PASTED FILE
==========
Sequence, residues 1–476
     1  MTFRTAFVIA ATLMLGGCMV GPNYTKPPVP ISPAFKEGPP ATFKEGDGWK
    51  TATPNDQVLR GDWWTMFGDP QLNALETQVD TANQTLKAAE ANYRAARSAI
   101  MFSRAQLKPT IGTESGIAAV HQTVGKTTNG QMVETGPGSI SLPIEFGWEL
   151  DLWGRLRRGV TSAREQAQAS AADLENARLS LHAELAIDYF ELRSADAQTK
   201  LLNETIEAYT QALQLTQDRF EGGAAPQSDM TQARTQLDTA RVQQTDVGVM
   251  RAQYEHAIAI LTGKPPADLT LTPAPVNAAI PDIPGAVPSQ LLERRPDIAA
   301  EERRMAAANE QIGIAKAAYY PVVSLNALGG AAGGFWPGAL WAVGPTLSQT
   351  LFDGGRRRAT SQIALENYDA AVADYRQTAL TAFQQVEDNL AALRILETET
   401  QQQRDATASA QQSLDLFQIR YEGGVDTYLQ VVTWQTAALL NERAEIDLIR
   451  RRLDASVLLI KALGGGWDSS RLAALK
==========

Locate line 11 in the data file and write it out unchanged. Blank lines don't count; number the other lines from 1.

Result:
   451  RRLDASVLLI KALGGGWDSS RLAALK